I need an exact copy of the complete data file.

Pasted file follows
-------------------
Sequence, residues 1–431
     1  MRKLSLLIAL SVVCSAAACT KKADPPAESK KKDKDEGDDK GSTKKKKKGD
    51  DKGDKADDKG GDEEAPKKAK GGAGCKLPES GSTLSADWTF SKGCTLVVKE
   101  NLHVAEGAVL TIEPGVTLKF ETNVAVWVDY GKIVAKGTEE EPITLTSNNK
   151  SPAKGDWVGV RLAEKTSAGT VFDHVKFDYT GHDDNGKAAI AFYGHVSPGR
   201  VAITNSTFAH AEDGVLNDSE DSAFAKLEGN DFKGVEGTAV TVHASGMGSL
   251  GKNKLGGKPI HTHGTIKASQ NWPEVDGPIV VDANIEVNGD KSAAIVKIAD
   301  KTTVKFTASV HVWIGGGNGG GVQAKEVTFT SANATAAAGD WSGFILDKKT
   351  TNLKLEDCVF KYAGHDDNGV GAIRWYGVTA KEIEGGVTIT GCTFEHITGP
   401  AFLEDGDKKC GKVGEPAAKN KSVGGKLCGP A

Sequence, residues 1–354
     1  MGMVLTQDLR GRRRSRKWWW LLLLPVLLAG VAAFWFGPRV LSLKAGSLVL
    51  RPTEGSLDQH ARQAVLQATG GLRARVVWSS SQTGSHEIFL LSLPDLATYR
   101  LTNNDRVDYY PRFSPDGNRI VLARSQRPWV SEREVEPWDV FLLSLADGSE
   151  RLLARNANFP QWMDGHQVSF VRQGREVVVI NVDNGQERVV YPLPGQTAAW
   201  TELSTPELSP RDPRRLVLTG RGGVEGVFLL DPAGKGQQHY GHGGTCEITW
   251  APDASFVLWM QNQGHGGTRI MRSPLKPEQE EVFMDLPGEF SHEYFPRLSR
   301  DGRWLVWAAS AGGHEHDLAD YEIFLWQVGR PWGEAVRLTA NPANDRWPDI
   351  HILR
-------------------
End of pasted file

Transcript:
Sequence, residues 1–431
     1  MRKLSLLIAL SVVCSAAACT KKADPPAESK KKDKDEGDDK GSTKKKKKGD
    51  DKGDKADDKG GDEEAPKKAK GGAGCKLPES GSTLSADWTF SKGCTLVVKE
   101  NLHVAEGAVL TIEPGVTLKF ETNVAVWVDY GKIVAKGTEE EPITLTSNNK
   151  SPAKGDWVGV RLAEKTSAGT VFDHVKFDYT GHDDNGKAAI AFYGHVSPGR
   201  VAITNSTFAH AEDGVLNDSE DSAFAKLEGN DFKGVEGTAV TVHASGMGSL
   251  GKNKLGGKPI HTHGTIKASQ NWPEVDGPIV VDANIEVNGD KSAAIVKIAD
   301  KTTVKFTASV HVWIGGGNGG GVQAKEVTFT SANATAAAGD WSGFILDKKT
   351  TNLKLEDCVF KYAGHDDNGV GAIRWYGVTA KEIEGGVTIT GCTFEHITGP
   401  AFLEDGDKKC GKVGEPAAKN KSVGGKLCGP A

Sequence, residues 1–354
     1  MGMVLTQDLR GRRRSRKWWW LLLLPVLLAG VAAFWFGPRV LSLKAGSLVL
    51  RPTEGSLDQH ARQAVLQATG GLRARVVWSS SQTGSHEIFL LSLPDLATYR
   101  LTNNDRVDYY PRFSPDGNRI VLARSQRPWV SEREVEPWDV FLLSLADGSE
   151  RLLARNANFP QWMDGHQVSF VRQGREVVVI NVDNGQERVV YPLPGQTAAW
   201  TELSTPELSP RDPRRLVLTG RGGVEGVFLL DPAGKGQQHY GHGGTCEITW
   251  APDASFVLWM QNQGHGGTRI MRSPLKPEQE EVFMDLPGEF SHEYFPRLSR
   301  DGRWLVWAAS AGGHEHDLAD YEIFLWQVGR PWGEAVRLTA NPANDRWPDI
   351  HILR